On June 7, 2018, the Second Circuit Court in Certain Underwriting Members of Lloyds of London v. Fla., Dep’t of Fin. Servs.,1 held that a party-appointed arbitrator should not be held to the same standard as a neutral arbitrator. The Court vacated a district court’s order vacating an arbitral award in a reinsurance dispute between Insurance Company of Americas (“ICA”) and Certain Underwriting Members of Lloyds of London (“Underwriters”). The case was one of first impression for the Second Circuit on how to determine the standard of evident partiality challenged to a party-appointed arbitrator.
Underwriters reinsured ICA under a series of treaties. The treaties each contained an arbitration clause requiring that disputes be adjudicated by an arbitration panel consisting of three members: one party-appointed arbitrator for each party, and a neutral. The clause required only that the arbitrators “be active or retired disinterested executive officers of insurance or reinsurance companies or Lloyd’s London Underwriters.”
When Underwriters denied ICA’s claims for coverage under the treaties, ICA demanded arbitration. ICA and Underwriters each selected their party-appointed arbitrator and the party-appointed arbitrators selected the neutral umpire. Prior to the start of the arbitration, the parties had a meeting where each arbitrator was called upon to disclose pre-existing or concurrent relationships with a party. At the meeting, ICA’s party-appointed arbitrator disclaimed any appreciable link to ICA.
The arbitration was held and the panel issued an award in favor of ICA (the “Award”). Following the Award, Underwriters discovered that ICA’s party-appointed arbitrator failed to disclose additional relationships and connections it had with ICA in the past. Underwriters moved to vacate the Award on several grounds, including “evident partiality” on the part of ICA’s party-appointed arbitrator.2 ICA cross-moved to confirm the Award.
The district court vacated the Award, concluding that ICA’s party-appointed arbitrator was impermissibly partial to ICA. Using a reasonable person standard, the district court found that there was “evident partiality” because a reasonable person would have to conclude that the arbitrator was partial to ICA.3 The district court noted “that the relationships here are far more significant, more numerous, and involved more financial entanglements than are present in other cases from this Circuit.” ICA appealed.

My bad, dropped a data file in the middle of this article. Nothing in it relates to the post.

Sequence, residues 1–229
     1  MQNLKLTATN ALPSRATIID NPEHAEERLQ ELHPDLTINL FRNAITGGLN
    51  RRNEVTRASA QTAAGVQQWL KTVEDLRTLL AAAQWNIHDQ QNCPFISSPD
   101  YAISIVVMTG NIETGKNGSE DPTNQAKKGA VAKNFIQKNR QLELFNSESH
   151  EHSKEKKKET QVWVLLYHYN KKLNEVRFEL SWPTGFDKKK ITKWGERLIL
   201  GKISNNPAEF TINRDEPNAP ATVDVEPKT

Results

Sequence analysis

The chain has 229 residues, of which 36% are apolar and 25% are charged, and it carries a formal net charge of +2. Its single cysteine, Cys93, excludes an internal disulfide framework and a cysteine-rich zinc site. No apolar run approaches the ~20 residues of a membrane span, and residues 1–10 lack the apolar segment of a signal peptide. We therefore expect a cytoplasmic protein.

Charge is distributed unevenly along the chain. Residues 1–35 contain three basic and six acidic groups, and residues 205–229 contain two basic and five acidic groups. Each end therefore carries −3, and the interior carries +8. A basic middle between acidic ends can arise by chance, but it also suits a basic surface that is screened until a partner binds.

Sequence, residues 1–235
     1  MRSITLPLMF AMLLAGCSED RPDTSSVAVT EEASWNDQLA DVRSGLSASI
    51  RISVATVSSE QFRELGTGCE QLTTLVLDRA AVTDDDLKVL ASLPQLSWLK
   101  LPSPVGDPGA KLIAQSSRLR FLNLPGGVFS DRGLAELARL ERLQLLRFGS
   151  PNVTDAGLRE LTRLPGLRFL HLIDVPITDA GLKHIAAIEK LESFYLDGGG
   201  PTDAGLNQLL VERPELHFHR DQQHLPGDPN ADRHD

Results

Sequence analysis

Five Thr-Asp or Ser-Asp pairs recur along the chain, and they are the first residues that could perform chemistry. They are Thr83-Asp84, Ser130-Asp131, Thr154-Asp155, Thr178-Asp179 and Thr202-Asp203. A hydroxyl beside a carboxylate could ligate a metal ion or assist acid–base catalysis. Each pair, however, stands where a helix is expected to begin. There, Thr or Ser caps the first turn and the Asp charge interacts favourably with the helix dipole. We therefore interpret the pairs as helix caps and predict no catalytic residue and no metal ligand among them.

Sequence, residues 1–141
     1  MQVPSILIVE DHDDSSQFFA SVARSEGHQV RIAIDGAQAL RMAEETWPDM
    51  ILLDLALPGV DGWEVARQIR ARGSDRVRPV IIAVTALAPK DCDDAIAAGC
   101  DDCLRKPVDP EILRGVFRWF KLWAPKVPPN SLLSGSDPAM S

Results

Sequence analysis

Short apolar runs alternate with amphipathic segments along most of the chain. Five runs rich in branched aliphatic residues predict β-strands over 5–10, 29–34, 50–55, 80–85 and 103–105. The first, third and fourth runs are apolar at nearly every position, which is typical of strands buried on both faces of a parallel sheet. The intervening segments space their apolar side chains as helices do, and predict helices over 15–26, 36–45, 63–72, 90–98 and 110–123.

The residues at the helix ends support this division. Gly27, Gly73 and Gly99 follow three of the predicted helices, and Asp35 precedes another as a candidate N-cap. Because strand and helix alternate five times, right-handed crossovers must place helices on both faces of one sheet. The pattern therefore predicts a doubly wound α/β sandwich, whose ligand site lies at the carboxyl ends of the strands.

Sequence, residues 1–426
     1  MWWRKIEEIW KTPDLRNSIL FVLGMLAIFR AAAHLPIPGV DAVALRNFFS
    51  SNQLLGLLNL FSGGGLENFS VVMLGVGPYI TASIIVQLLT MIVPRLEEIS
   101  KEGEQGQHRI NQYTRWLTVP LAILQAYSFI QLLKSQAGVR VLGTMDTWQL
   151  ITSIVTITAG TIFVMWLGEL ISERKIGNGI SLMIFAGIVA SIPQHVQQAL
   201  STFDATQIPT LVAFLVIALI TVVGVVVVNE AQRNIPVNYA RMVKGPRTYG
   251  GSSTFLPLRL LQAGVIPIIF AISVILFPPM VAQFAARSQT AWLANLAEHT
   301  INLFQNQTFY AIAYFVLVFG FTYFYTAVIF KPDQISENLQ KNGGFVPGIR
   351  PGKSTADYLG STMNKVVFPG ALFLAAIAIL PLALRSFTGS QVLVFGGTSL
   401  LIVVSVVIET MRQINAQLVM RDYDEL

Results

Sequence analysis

The Second Circuit Court held that the district court applied the wrong standard for evident partiality. Unlike neutral arbitrators, party-appointed arbitrators are de facto advocates. As a result, “[t]he ethos of neutrality that informs the selection of a neutral arbitrator to a tripartite panel does not animate the selection and qualification of arbitrators appointed by the parties.” The Court also notes that arbitration is a creature of contract and parties are free to choose for themselves what level of impartiality they require. Here, the only qualification the parties agreed to in the treaties was that the party-appointed arbitrator be “disinterested.” In light of what the parties agreed, the court stated, “[e]xpecting of party-appointed arbitrators the same level of institutional impartiality applicable to neutrals would impair the process of self-governing dispute resolution.” The Court determined that the “disinterested” standard found in the treaties is breached only when the party-appointed arbitrator had a personal or financial stake in the outcome of the arbitration.
Accordingly, the Court created a two-part test to determine when an undisclosed relationship between a party and its party-appointed arbitrator constitutes evident partiality, such that vacatur of the award is appropriate: 1) the relationship violates the contractual requirement of disinterestedness; or 2) it prejudicially affects the award. The Court remanded to the district court to determine whether Underwriters has shown by clear and convincing evidence that the failure of ICA’s party-appointed arbitrator either violates the qualification of disinterestedness or had a prejudicial impact on the award.
For more information please contact Celia B. Waters at 203-287-2126.
______________________________________________________________________________________________________ 1 No. 17-1137-CV, 2018 WL 27274982 (2d Cir. June 7, 2018)
2 9 U.S.C. § 10(a)(2) of the Federal Arbitration Act states: “(a) In any of the following cases the United States court in and for the district wherein the award was made may make an order vacating the award upon the application of any party to the arbitration-- … (2) where there was evident partiality or corruption in the arbitrators, or either of them….” (Emphasis added).
3 “Evident partiality within the meaning of 9 U.S.C. § 10 will be found where a reasonable person would have to conclude that an arbitrator was partial to one party to the arbitration.” Certain Underwriting Members of Lloyds of London, at *3 citing Morelite Const. Corp. v. New York Dis. Council Carpenters Ben. Funds, 748 F.2d 79, 82 (2d Cir. 1984). “The party challenging the award must prove the existence of evident partiality by clear and convincing evidence.” Id.